With the WSF World Doubles Squash Championships making a triumphant return last week after more than two years of COVID-19 disruption, WSF media explore how hosts Scottish Squash were able to deliver a hugely successful World Championships under challenging circumstances.
The manner in which Scotland was awarded the event was far from ideal for the hosts, with the federation stepping in with just four months’ notice after continuing COVID-19 restrictions meant that original hosts Australia were unable to deliver the tournament.
Speaking with members of the Scottish Squash team, it’s immediately obvious that one of the key reasons they could deliver such a successful World Championships, for the first time in their history, was through close relationships between the sport, the public and partners.
Explaining the importance of close relationships between parties all pulling together, Scottish Squash Director of Development Allan Mckay said: “Four months is relatively quick for a World Championships. But I think that’s testament to the Scottish Squash staff team who have really come together work together and get everything over the line in time. And then we need to recognise the partners that we’ve spoken about a lot, EventScotland, Team Scotland, Glasgow Life and World Squash all coming together and creating a real partnership approach to deliver it. It’s been busy, but really successful, because of everyone’s willingness to get involved and work work together.
“The first thing that we needed was a facility. We were really keen to host the event to support athletes, not just from Scotland, but all over the world, ahead of the championships because this year has extra significance because it’s a Commonwealth Games and Asian Games year, both of which feature the doubles.”
To get the facilities at Scotstoun, Glasgow – which was the venue of the 2014 Commonwealth Games – ready, the courts and centre were refurbished following investment from Glasgow Life, a charitable organisation that describes its mission as being “to inspire the city’s citizens and visitors to lead richer and more active lives through culture, sport and learning.”
Mckay said: “The facility here at Scotstoun is something that Glasgow Life were superb with. They’ve invested about £150-180,000 on the courts and to bring them up to the level that they are. So that’s a great legacy, firstly from the 2014 Commonwealth Games and now this event, to get the courts in perfect condition for the world’s best players and the public.”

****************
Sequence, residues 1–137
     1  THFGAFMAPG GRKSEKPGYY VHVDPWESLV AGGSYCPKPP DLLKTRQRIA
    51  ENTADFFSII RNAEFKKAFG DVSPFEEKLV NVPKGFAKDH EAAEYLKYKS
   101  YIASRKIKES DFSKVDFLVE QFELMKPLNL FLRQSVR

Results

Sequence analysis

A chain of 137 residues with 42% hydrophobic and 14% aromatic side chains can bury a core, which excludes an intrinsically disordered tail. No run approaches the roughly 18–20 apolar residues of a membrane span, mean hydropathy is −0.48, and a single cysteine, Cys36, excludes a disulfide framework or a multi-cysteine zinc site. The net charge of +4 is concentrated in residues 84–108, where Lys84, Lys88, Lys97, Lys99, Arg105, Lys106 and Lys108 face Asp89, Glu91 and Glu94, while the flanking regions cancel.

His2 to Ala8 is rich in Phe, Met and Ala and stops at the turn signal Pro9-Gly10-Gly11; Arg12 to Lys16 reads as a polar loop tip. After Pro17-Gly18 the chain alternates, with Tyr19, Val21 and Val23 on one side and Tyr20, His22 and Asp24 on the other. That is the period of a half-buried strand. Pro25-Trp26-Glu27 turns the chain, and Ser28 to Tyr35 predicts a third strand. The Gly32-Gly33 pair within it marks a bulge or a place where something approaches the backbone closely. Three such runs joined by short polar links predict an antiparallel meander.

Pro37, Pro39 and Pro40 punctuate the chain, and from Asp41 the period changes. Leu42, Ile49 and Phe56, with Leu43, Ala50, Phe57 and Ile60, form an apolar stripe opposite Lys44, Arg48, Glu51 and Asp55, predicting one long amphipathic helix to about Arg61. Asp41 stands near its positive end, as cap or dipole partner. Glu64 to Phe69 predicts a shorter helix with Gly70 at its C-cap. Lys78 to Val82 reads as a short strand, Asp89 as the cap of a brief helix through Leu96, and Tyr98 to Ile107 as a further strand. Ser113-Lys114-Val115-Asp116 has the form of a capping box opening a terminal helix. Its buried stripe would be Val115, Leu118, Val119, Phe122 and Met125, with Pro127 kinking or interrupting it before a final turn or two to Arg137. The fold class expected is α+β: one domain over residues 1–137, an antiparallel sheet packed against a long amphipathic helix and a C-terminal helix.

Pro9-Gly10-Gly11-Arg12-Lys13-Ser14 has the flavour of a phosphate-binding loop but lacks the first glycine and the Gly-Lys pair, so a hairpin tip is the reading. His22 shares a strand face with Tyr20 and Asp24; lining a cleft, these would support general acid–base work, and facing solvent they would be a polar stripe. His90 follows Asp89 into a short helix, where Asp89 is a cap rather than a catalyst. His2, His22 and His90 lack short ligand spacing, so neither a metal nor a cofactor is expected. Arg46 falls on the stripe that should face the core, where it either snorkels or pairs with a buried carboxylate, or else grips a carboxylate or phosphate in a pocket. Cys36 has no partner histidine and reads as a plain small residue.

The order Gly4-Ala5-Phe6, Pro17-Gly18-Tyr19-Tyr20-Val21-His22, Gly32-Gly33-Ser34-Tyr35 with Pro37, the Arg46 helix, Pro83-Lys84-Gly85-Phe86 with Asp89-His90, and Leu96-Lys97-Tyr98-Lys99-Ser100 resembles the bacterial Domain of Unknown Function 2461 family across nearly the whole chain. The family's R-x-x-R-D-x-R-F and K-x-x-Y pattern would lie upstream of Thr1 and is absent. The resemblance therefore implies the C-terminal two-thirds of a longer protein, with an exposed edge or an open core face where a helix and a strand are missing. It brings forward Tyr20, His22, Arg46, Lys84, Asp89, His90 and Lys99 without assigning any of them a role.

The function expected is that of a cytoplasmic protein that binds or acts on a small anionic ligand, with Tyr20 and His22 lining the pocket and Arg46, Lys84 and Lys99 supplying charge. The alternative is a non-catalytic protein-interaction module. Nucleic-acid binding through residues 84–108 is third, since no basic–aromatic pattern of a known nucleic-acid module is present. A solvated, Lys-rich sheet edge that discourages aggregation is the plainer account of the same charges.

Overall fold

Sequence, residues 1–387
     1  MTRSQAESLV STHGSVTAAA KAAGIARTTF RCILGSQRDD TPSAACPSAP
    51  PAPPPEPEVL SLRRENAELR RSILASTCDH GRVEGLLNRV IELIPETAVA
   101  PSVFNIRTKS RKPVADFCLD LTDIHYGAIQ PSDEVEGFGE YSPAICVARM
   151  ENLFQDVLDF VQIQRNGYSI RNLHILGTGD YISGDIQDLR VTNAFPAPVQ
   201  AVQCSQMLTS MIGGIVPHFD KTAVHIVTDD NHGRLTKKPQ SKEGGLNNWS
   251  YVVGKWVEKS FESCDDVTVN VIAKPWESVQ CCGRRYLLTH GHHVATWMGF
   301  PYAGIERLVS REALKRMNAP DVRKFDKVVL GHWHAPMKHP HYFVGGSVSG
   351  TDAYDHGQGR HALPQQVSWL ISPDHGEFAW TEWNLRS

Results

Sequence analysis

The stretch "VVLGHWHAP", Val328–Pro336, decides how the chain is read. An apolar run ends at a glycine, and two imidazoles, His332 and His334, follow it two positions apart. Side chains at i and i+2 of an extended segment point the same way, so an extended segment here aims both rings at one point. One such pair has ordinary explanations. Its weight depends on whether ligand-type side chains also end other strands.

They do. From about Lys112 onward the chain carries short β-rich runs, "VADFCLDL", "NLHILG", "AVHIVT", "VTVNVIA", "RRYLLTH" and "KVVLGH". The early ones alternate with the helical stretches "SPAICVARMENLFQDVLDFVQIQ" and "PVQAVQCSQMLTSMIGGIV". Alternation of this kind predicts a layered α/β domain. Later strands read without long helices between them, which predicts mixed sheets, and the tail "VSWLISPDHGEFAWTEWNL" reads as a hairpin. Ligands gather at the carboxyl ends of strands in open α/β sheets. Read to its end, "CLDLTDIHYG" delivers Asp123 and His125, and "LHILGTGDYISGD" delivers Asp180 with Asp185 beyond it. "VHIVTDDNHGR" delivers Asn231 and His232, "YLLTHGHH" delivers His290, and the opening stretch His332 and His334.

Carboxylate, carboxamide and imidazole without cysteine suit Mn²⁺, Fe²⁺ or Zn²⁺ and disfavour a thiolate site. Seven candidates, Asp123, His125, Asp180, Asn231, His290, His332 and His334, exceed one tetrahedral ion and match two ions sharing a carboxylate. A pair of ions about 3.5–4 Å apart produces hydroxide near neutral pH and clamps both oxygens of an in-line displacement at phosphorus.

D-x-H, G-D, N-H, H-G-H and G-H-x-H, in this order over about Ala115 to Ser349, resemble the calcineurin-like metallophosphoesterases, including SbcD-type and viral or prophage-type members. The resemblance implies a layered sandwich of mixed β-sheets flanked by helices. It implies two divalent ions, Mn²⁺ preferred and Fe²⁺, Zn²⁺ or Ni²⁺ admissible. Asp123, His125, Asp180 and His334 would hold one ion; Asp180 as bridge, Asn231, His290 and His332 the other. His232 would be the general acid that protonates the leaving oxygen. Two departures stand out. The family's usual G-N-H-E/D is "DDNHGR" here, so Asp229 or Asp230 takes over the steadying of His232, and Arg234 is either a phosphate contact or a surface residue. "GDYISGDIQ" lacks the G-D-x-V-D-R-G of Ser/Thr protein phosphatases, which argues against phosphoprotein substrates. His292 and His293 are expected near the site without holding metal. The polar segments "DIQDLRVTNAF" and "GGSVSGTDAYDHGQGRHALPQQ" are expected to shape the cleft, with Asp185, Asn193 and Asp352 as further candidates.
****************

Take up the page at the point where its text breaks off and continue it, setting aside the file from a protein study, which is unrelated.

“So now we’ve got four doubles courts in Glasgow that are back to a world championship level which will help with training.
“It’s really down to the partners that we managed to turn around in four months. We’ve also had great support and investment from Team Scotland through a Commonwealth Games Scotland Fund, which allowed us to grow the event together as then EventScotland came on board to support with the live streaming element of things, which has been fantastic.”
Mckay, whose role at Scottish Squash is Director of Development, goes on to credit the leadership team at Scottish Squash for fostering the culture that has seen the event being a success.
It’s about the whole team. We’ve got President Mark Adderley, Chief Executive Maggie Still, Paul Bell our Director of Squash, [Mckay’s brother] Garry who’s Chief Operating Officer. Then there’s the wider development team of Kirsty Lobban, Kevin Moran, Jack Brody and the other side of things with Kylie Lindsay and Stuart Monteith on performance, coming in to underpin out membership.
“It’s a small team, but it’s a team that’s really determined to make a difference.”
Mckay adds that the culture of togetherness extends to the Scottish players, coaching staff and volunteers.
“We work really closely with the players through our performance team, Paul, Kylie, and David Pearson who comes on board to support the doubles, are brilliant. They work with the athletes on a daily basis and, while in my role I’m not as close to it, from what I hear, it’s a really close programme. It’s really well supported and it’s built around making sure that it’s absolutely right for the players. We always put the players first in terms of what we do.”
That player-first approach certainly seemed to have paid significant dividends for Scotland over the course of the last week, as Scottish teams played above their seedings and won silver and bronze medals in the men’s draw, a bronze medal in the mixed, and secured impressive fifth-place finishes in the mixed and women’s draws.
Concluding, Mckay says: “The Scotland team have been fantastic this week and that will give them confidence going into the Commonwealth Games in Birmingham. Paul, and his performance team have done fantastically well. From what I hear, the players have really enjoyed competing in Scotland in front of the home crowd, which is probably one of the strongest ways to prepare for the Commonwealth Games.
“They’ve done great and are also really inspiring. We speak a lot about inspiring the next generation and it’s really helping to do that. You look around the venue this this week and you see loads of young volunteers and a number of young people watching. I think we’re so lucky with the athletes we have, they compete out there but also really do that extra bit to inspire and to support the next generation coming through.”